Christian Magnus Falsen

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Christian Magnus Falsen

Christian Magnus Falsen (14 September 1782 – 13 January 1830) was a Norwegian constitutional father, statesman, jurist, and historian. He was an important member of the Norwegian Constituent Assembly and was one of the writers of the Norwegian Constitution.[1]

Biography[edit]

Christian Magnus Falsen was born at Christiania, now Oslo, Norway. He was the son of Enevold de Falsen (1755–1808), a dramatist and author of a war song Til vaaben. In 1802, he graduated with a degree in law at the University of Copenhagen. In 1807, Christian Magnus Falsen was appointed a barrister. In 1808 he became circuit judge at Follo in Akershus, Norway. [2][3]

After Denmark ceded Norway to Sweden in 1814 he played an important part in politics. Falsen led the Independent Party (Selvstendighetspartiet) that wanted complete independence and was prepared to resist Sweden militarily. He upheld King Christian Frederick and, after the separation of Norway from Denmark, assisted in drafting a constitution for Norway. This document was modeled upon that adopted by France in 1791 and which was approved on 17 May 1814 by the Norwegian Constituent Assembly (Riksforsamlingenat) at Eidsvoll. He was also strongly inspired by Thomas Jefferson and the Constitution of the United States of America. He is often called Father of the Norwegian Constitution — Grunnlovens far. [4][5]

Falsen held a seat in the Storting and generally favored conservative political positions. In 1822 he was appointed Attorney General of the Kingdom, a post which he held for three years. In 1825 he became bailiff for Bergen, and in 1827 president of the Supreme Court. In 1828 he suffered from a stroke and did not return to the office. Christian Magnus Falsen is buried at Gamlebyen Churchyard. Next to his gravestone is the gravestone of his second wife.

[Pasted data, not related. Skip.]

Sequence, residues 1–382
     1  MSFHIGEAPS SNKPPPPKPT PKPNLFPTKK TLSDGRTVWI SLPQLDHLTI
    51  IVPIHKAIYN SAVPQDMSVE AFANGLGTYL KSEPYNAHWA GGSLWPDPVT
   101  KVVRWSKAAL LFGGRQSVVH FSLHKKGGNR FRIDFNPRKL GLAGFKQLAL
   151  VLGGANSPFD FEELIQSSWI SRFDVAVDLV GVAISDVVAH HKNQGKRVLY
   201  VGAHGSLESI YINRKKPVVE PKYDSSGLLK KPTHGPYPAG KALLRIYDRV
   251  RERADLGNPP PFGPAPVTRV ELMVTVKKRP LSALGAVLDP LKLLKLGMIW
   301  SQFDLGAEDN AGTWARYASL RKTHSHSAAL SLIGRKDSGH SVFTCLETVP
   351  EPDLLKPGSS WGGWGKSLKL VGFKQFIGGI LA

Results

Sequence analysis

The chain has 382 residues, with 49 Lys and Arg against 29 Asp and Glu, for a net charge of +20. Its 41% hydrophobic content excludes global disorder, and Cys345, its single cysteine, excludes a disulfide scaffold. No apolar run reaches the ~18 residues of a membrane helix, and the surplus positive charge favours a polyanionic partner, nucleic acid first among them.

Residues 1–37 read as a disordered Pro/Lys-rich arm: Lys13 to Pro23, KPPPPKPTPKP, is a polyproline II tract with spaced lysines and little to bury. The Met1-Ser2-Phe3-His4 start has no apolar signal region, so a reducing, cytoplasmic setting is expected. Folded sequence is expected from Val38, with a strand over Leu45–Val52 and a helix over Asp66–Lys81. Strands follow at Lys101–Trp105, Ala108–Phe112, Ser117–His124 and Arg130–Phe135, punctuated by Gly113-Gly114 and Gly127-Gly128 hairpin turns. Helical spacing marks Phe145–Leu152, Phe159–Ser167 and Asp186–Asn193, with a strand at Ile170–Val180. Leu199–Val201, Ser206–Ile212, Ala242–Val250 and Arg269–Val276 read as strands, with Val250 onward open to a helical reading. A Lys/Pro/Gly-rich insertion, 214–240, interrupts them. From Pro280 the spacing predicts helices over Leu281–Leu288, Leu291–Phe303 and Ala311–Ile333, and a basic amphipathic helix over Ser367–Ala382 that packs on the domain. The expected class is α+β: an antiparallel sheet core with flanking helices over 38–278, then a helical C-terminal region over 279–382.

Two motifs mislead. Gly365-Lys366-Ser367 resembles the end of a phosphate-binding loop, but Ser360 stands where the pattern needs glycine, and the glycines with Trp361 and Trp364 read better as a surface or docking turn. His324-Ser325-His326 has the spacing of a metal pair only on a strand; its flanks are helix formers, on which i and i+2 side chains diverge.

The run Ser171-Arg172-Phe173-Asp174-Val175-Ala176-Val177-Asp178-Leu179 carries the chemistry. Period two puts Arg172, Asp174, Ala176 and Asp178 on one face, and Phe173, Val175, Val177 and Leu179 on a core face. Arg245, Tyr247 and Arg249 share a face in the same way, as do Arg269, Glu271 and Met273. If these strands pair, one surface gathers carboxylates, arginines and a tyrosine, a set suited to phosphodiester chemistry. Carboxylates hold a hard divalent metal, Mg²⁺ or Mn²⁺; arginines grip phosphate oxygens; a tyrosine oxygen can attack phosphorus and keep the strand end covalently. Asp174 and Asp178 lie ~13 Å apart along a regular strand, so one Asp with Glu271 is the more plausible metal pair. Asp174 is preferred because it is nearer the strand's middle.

In 1804 he married Anna Birgitte Munch (1787-1810), with whom he had the son Enevold Munch Falsen (1810–80). In 1811, after her death, he married Elisabeth Severine Böckmann (1782-1848). She was the widow of Brede Stoltenberg, a brother of the tradesman Gregers Stoltenberg. With her he had the children Henrik Anton Falsen (1813–66) and Elisabeth Christine Falsen (1820–76). [6]

Note[edit]

 This article incorporates text from a publication now in the public domainGilman, D. C.; Thurston, H. T.; Moore, F., eds. (1905). "article name needed". New International Encyclopedia (1st ed.). New York: Dodd, Mead. 

References[edit]

Other Sources[edit]

  • Daa, Ludvig Kristensen (1860) Magnus Falsen, et Bidrag til Norges Konstitutions Historie (Christiana)
  • Vullum, Erik (1881) Kristian Magnus Falsen, Grundlovens Fader (Christiana)
  • Indrebø, Gustav (1919) Det norske generalprokurørembættet: Chr. M. Falsen 1822-1825 (Christiana)
  • Østvedt, Einar (1945) Christian Magnus Falsen: linjen i hans politikk. (Oslo: H. Aschehoug and co)

Related Reading[edit]

  • Barton, H. Arnold (2002) Sweden and Visions of Norway: Politics and Culture 1814-1905 (Southern Illinois University Press) ISBN 978-0809324415
Legal offices
Preceded by
Johan Randulf Bull
Chief Justice of the Supreme Court of Norway
1827–1830
Succeeded by
Jørgen Mandix